The Hip: Preservation, Replacement and Revision

Triceps Reflecting Approach to the Elbow



- See: Posterior Approach to the Humerus;

- Positioning:
    - patient is in lateral position w/ arm brought across the chest;
    - plan on adusting flexion of elbow inorder to increase or decrease tension;
    - sterile tourniquet is required;

- Technique:
    - straight longitudinal incision beginning 7-10 cm above posterior aspect of humerus, avoiding the olecranon tip by shifting the incision 
          slightly medially, and then continue the incision over the border of the ulna;
    - ulnar nerve:
          - expose triceps fascia and ulnar nerve as it courses into the cubital tunnel;
          - proximall the ulnar nerve is found at medial margin of triceps lying in epineural fat;
          - dissect the ulnar nerve distally to its first motor branch;
          - proximally identify and remove the intermuscular septum;
          - it is then translocated anteriorly into a SubQ pocket;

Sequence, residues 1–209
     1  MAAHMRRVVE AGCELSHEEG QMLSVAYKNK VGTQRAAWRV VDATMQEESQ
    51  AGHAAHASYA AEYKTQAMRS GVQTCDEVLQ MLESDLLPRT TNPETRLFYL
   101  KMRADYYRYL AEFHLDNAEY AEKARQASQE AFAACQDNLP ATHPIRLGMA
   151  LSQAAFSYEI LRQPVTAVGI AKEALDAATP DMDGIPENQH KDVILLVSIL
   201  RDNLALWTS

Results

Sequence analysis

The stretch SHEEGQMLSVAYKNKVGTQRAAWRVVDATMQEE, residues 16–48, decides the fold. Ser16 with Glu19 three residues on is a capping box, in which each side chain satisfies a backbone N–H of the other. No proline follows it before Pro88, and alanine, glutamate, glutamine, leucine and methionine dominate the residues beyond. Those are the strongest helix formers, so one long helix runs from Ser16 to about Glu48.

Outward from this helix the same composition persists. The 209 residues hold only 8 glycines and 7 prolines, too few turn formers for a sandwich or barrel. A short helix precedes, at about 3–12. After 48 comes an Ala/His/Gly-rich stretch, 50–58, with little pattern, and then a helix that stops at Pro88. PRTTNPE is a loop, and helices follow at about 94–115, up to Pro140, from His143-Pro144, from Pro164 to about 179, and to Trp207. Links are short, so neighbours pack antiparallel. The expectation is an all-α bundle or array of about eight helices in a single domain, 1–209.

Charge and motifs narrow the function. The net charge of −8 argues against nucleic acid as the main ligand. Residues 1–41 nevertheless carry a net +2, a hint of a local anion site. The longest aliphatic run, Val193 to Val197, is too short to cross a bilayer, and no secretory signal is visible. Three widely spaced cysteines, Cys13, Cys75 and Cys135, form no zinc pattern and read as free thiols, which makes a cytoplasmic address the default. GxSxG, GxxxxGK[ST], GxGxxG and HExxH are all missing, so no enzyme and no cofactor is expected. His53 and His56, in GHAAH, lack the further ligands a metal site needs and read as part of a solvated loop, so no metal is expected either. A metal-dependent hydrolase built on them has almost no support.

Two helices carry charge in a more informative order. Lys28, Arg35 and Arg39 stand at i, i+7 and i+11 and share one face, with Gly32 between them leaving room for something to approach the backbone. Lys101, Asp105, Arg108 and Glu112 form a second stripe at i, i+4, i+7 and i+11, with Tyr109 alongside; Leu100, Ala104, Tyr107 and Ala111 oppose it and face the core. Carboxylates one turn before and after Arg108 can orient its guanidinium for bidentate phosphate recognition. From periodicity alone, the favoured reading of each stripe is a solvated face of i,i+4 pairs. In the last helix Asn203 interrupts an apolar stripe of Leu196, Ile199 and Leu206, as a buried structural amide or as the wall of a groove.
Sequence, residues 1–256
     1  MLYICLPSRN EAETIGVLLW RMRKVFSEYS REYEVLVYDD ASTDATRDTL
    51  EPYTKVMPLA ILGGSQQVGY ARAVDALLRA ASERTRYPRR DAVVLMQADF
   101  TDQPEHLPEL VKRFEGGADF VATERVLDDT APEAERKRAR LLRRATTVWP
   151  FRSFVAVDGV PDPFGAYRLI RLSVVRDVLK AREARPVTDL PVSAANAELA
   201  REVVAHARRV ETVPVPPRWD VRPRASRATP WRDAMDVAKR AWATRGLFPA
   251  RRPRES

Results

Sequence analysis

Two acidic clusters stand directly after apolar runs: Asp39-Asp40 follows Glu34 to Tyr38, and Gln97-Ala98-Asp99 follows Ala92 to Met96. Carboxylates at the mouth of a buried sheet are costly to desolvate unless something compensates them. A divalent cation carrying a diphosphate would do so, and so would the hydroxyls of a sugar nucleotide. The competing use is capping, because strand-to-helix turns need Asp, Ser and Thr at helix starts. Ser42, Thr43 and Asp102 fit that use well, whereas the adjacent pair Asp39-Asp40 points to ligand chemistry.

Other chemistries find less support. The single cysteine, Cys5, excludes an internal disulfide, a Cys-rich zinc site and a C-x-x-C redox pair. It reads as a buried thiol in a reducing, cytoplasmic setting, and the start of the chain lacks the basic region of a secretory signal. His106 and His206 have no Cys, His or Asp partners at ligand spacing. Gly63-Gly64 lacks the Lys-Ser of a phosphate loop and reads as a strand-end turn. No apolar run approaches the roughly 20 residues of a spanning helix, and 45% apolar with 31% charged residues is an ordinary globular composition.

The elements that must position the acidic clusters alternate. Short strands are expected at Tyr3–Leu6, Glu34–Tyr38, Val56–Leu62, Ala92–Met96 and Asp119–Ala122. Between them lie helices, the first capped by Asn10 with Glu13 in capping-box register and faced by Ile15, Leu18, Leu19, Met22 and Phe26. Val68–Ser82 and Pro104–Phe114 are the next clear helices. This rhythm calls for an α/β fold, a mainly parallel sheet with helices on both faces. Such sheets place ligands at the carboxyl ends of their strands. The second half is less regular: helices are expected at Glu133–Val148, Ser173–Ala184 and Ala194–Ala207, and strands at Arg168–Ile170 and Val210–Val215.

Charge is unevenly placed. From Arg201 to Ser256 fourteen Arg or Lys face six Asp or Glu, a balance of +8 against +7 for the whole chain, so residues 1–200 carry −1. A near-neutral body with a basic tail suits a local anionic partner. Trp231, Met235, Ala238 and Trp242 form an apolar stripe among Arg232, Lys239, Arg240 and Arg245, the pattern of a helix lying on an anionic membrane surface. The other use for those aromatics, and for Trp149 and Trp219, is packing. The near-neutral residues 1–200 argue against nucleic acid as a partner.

- instead of splitting the triceps, define the medial aspect of the triceps, and reflect it laterally;
    - elevate medial aspect of triceps from humerus to level of joint capsule;
    - distally incise the fascia along the medial aspect of the olecranon, and proximal ulna;
    - raise a full thickness "apron" of periosteum, fascia, and triceps insertion from a medial to a lateral direction, until the majority of the 
          olecranon is exposed;
          - as the apron of tissue is reflected laterally, attempt to include the posterior joint capsule;
          - distally the aconeus can be elevated off the ulna;
    - the medial 1/3 to medial 1/2 of the triceps insertion may be elevated from the tip of the olecranon;
    - the entire triceps is elevated off the posterior humerus;
    - wound closure include proximal reattachment of the triceps insertion into crossing drill holes into the olecranon, and more distally 
          anchoring the periosteum to the superficial forearm fascia;
          - deep forearm fascia is then securely closed to prevent ulnar subluxation



Original Text by Clifford R. Wheeless, III, MD.

Last updated by Data Trace Staff on Monday, September 12, 2011 2:28 pm